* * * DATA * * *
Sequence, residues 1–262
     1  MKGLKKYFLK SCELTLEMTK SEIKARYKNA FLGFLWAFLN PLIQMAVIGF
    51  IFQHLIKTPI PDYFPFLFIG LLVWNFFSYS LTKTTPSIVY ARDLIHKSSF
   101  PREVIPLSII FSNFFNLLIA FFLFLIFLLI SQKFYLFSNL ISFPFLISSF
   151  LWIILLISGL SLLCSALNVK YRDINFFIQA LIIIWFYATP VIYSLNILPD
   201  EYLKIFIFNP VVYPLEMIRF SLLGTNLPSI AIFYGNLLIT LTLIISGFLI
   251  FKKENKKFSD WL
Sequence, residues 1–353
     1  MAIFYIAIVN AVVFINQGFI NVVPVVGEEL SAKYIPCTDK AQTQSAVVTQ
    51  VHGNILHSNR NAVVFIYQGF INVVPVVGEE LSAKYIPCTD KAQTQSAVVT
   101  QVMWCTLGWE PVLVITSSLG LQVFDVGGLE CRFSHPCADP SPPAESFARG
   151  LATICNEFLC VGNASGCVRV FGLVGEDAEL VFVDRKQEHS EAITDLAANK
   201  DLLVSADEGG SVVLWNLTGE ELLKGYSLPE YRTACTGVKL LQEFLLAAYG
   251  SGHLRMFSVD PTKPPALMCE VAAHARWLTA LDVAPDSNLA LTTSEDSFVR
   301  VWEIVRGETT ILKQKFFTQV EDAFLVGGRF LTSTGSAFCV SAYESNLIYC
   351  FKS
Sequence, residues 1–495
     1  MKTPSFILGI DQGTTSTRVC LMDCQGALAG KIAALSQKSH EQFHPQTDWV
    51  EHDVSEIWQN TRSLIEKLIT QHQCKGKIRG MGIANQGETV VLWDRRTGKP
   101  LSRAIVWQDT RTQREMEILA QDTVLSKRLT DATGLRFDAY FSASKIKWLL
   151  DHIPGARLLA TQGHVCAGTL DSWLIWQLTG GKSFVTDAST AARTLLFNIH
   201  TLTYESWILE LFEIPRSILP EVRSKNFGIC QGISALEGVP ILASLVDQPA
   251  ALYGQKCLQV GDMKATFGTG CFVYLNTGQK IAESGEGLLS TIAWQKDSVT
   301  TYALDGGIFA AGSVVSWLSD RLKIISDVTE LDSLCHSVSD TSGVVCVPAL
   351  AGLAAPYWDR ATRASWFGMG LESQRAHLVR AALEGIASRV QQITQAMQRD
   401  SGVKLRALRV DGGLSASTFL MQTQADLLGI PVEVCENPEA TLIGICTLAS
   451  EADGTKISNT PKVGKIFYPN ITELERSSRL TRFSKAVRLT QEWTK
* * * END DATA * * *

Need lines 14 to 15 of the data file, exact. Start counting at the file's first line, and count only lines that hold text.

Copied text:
   251  SGHLRMFSVD PTKPPALMCE VAAHARWLTA LDVAPDSNLA LTTSEDSFVR
   301  VWEIVRGETT ILKQKFFTQV EDAFLVGGRF LTSTGSAFCV SAYESNLIYC